According to the article Telecommuters Are More Honest, Survey Says, “employees who don’t have a boss looking over their shoulder are more honest.” This is great news for freelance writers — use it to your benefit. Think about it. You don’t get paid unless you complete the work. Employees can get paid either way; unless, their place of employment has a ‘three strikes’ and you’re out policy. Point out to clients that you bring value to their organization because you’re a freelancer not a staffer. You’re not caught up in the ‘drama-rama’ of office politics. You’re main purpose is to solve a problem for a client; the secondary purpose is to market your writing business.
Believe it or not, most people appreciate honesty. Clients appreciate it when you’re up front with them. If you can’t meet a deadline, be honest about it. If you’re not strong in writing marketing copy, be honest about it. Don’t string a client a long because it will ‘blow up’ in your face and it’s not professional. You can always learn to write marketing copy and then offer this writing service to clients.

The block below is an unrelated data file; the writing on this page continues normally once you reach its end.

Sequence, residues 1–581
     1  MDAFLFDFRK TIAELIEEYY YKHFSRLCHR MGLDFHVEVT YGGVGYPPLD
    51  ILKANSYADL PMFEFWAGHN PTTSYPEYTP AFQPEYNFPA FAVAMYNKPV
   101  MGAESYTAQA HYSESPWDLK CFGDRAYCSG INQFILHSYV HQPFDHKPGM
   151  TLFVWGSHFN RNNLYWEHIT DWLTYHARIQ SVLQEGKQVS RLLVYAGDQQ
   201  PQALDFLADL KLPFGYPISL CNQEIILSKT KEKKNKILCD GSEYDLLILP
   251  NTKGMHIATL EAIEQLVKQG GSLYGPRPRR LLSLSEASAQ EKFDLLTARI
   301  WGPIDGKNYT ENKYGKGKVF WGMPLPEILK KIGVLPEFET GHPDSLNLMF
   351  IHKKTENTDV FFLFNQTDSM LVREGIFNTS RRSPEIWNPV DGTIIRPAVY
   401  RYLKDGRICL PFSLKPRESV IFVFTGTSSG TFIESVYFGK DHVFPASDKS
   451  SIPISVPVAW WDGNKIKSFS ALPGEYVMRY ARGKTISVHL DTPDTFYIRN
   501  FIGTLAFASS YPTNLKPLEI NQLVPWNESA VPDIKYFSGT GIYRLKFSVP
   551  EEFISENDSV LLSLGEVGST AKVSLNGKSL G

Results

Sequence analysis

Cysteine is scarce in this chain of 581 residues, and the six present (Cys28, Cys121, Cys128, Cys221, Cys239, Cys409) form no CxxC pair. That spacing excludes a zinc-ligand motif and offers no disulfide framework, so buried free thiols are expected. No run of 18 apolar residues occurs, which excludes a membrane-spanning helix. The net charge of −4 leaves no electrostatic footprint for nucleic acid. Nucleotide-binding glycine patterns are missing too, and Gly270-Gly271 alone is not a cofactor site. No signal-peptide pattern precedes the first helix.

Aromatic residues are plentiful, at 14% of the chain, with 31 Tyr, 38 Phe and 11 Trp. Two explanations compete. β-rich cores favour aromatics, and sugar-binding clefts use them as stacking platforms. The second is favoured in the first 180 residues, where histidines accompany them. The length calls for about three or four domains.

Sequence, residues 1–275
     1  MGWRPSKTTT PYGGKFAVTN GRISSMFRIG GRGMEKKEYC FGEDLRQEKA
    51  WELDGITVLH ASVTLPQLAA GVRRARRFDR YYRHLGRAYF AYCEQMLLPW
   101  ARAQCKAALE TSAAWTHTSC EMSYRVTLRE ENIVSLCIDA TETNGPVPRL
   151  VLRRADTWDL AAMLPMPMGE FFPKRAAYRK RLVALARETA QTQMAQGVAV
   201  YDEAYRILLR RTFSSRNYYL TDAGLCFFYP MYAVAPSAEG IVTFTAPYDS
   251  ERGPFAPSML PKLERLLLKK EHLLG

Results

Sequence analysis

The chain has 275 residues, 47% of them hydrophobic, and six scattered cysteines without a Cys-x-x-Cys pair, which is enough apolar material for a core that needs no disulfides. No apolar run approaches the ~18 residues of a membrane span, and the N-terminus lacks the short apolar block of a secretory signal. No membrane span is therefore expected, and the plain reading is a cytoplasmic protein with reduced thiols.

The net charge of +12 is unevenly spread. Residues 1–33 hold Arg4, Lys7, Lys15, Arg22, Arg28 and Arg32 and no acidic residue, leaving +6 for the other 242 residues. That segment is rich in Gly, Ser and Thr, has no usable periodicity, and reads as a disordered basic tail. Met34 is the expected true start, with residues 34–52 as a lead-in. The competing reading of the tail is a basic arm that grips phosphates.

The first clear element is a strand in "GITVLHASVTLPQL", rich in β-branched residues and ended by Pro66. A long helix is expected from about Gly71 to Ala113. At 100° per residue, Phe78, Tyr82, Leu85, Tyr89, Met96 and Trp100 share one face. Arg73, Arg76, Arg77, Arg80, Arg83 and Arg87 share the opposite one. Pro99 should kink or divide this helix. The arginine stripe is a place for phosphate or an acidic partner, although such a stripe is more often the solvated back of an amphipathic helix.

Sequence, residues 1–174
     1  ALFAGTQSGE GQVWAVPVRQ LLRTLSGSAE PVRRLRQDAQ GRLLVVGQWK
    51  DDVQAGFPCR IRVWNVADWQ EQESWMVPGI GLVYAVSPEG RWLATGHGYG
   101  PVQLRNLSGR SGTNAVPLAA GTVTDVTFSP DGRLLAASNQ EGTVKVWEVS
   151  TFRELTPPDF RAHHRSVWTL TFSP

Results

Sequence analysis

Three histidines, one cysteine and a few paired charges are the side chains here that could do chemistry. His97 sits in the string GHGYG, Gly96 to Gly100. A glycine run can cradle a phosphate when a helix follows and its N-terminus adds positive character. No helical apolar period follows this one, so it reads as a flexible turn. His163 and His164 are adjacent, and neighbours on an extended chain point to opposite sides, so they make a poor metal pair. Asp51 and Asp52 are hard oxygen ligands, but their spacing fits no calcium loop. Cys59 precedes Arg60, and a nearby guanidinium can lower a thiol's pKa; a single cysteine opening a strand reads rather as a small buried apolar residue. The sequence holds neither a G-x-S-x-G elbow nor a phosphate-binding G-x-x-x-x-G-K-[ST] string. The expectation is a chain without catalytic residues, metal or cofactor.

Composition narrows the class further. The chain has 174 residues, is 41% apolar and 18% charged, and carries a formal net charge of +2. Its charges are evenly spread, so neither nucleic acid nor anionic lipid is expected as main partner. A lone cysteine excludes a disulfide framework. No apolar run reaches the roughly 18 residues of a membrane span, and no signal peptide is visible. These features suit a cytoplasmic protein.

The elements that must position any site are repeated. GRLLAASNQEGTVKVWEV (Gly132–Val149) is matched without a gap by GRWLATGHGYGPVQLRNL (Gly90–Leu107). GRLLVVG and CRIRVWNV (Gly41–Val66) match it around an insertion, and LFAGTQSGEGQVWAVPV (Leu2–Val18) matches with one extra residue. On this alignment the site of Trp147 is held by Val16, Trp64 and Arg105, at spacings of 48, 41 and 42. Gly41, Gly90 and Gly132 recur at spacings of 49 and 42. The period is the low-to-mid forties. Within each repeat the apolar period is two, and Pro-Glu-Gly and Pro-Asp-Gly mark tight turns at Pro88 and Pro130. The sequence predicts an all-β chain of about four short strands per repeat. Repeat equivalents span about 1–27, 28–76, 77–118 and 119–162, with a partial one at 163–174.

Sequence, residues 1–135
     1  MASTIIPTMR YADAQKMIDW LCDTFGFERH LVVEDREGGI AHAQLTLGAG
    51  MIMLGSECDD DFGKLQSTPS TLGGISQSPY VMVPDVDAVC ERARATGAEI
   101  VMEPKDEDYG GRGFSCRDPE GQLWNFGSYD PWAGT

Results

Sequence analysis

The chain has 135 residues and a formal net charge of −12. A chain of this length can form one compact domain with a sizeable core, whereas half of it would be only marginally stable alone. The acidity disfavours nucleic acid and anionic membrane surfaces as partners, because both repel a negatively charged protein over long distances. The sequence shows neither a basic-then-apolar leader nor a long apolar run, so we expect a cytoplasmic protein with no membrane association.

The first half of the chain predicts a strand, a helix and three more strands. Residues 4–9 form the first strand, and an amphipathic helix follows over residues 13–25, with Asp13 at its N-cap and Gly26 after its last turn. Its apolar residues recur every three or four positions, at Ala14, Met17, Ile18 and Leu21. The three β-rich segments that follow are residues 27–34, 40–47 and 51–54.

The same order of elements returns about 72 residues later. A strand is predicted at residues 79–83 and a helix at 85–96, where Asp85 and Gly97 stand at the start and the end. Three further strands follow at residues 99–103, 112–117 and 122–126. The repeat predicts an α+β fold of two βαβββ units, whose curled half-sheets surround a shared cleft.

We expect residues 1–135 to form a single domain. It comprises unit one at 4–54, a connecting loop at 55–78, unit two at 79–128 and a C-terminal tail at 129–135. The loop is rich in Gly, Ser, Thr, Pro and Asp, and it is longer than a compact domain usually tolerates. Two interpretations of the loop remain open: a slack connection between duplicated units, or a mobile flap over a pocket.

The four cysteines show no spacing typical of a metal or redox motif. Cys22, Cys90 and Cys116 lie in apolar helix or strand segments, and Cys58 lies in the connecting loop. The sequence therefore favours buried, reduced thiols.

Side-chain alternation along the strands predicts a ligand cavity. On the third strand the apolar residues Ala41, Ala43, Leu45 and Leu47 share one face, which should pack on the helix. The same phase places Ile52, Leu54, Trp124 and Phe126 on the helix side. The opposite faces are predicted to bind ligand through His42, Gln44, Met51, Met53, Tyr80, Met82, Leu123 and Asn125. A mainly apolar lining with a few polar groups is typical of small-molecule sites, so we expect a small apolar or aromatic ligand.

One of the perks of freelance writing is you get to create your own hours. Let’s face it; some writers prefer to write at night (I do, sometimes) and that’s when they do the bulk of their writing. On the flip side, you may prefer to write in the morning. Whatever the case may be, it’s up to you to create and follow your writing schedule. Most clients don’t care when you write as long as you complete their projects on time.
The next time you’re about to deliver your ’30-second elevator pitch‘ to a potential client, make sure you stress the benefits of hiring a freelance writer such as objectivity, attention to deadlines, you don’t get paid unless the project is completed, etc. Drive home that you don’t have the luxury of not completing a project, waiting for a co-worker to pick up the slack. Show off your professionalism and how much you want to solve a client’s problem. Do this and you’ll be hired as the freelance writer. Good luck!
- The Challenges and Joys of Freelance Writing … Freelance Writer’s Perspective (savvy-writer.com)
- 20 Questions Clients Could Ask A Freelance Writer (savvy-writer.com)